Under the ADA, employers are required to provide “reasonable accommodations” for persons with a disability. Some examples of reasonable accommodations for a patient with CSID could include:

 

  • Unlimited restroom access including frequent breaks as needed
  • Moving the employee’s workstation or office closer to the bathroom
  • Offering shorter, different, or flexible work hours
  • Telecommuting when symptoms are severe
  • Allowing time off for medical appointments or treatment
  • Limiting long meetings, presentations, and travel
  • Access to a refrigerator to store special foods or medications
  • Allocating some duties to another employee if needed, such as travel

 

Your employer is entitled to ask for documentation regarding your CSID and the limitations the diagnosis places on you as an employee. Your employer is prohibited from disclosing such accommodations to your coworkers as the ADA ensures employee privacy regarding medical concerns.

 

If your CSID symptoms are so severe that it prevents you from working, Social Security Disability might be an option for you. According to the Social Security Administration (SSA), you can apply for disability if you are over the age of 18 and live in the United States, or one of its territories and commonwealths. The SSA has certain requirements that must be met in terms of how long you have worked and how much you have paid in Social Security taxes in order to qualify for disability benefits. Your Social Security Statement will tell you if you have met the work requirement. The SSA will consider your CSID a disabling condition if it meets the following conditions:

 

  • “You cannot do work that you did before
  • We (the employer) decide that you cannot adjust to other work because of your medical condition(s)
  • Your disability has lasted or is expected to last for at least one year or to result in death”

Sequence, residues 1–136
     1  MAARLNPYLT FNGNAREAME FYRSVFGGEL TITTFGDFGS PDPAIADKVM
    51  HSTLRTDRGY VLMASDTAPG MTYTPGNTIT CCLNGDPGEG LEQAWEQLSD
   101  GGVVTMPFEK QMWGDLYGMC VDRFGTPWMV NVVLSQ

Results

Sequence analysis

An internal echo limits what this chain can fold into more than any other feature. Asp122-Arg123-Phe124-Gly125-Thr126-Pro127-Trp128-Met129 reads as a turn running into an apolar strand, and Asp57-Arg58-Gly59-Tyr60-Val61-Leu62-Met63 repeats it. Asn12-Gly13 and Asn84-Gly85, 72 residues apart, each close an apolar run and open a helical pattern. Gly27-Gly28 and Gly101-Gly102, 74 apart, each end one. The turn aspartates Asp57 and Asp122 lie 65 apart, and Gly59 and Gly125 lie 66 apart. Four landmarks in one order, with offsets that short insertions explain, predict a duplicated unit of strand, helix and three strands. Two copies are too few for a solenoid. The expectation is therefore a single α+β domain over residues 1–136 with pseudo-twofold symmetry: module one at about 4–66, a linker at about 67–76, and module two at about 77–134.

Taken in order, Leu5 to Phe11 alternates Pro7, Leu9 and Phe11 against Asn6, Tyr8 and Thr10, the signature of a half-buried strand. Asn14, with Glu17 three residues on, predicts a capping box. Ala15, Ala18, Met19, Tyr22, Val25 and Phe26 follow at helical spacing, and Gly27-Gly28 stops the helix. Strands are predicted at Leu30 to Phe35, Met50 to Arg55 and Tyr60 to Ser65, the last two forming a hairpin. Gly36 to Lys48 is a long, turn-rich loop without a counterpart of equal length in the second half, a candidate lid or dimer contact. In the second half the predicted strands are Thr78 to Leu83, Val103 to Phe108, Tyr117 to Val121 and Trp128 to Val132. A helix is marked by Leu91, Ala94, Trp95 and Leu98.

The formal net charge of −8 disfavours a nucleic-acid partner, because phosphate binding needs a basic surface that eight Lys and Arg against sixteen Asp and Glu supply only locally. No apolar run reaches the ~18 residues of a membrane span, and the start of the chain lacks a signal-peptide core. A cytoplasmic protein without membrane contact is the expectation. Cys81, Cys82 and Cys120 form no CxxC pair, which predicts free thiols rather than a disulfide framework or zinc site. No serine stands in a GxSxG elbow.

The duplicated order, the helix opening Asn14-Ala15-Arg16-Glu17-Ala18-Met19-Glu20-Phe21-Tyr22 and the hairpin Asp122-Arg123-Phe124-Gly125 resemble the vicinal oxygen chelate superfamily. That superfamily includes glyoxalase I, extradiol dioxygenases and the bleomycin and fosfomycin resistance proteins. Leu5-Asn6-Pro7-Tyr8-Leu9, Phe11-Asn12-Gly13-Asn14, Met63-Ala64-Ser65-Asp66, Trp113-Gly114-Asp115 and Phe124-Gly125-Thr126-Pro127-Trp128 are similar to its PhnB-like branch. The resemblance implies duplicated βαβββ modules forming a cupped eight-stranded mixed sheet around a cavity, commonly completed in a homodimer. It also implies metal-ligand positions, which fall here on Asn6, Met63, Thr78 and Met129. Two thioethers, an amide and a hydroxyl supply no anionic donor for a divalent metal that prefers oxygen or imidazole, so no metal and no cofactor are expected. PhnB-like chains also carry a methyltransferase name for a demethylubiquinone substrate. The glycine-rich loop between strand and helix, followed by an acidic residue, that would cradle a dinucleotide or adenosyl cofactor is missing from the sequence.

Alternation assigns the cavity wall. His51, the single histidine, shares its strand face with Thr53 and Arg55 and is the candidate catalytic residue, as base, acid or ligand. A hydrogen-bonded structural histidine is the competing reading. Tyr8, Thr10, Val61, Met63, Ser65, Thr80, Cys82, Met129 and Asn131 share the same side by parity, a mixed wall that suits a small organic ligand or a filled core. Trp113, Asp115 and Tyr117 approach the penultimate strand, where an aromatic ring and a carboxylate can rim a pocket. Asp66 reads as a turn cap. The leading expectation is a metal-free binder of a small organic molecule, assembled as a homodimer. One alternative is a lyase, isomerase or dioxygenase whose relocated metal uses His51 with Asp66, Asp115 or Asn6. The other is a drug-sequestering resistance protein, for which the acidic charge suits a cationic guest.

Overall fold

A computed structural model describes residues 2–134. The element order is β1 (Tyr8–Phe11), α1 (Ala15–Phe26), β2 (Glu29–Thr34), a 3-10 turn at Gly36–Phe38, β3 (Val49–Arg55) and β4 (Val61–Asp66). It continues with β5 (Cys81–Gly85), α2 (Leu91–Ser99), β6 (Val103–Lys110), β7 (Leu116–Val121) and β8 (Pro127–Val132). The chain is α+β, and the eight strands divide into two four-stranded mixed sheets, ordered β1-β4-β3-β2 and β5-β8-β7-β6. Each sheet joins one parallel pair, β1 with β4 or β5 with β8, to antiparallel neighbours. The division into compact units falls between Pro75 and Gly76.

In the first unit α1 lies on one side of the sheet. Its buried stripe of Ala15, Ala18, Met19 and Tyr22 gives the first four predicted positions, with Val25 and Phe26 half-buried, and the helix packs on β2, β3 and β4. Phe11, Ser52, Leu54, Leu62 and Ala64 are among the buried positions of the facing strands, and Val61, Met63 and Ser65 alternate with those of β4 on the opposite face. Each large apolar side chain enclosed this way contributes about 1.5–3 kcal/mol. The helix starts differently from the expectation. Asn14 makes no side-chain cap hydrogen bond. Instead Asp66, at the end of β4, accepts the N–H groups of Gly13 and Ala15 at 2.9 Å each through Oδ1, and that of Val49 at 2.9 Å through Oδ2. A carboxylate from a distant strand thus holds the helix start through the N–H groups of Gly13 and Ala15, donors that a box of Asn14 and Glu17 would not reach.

To apply for SSA disability benefits, you may apply online, in person at a local Social Security Administration office, or by phone.

 

The question arises as to whether a person with CSID should tell a prospective employer about his/her condition. You are not required by law to inform any prospective employers about your health condition. Employers are prohibited from asking questions or requiring medical examinations prior to making a job offer. Once a job offer has been extended, employers have a right to ask questions about your health history and are entitled to require medical examinations before you begin work. Employers are prohibited from withdrawing a job offer just because they learn that you have CSID. Job offers can only be withdrawn if the employer can prove that your CSID interferes with your ability to “perform the essential functions of the job (with or without reasonable accommodations).”  Any information regarding your health status that is revealed during the job application process must be kept confidential, with the following exceptions:

 

  • Individuals involved in hiring decisions
  • Supervisors and managers if reasonable accommodations are necessary
  • Insurance carriers and government agencies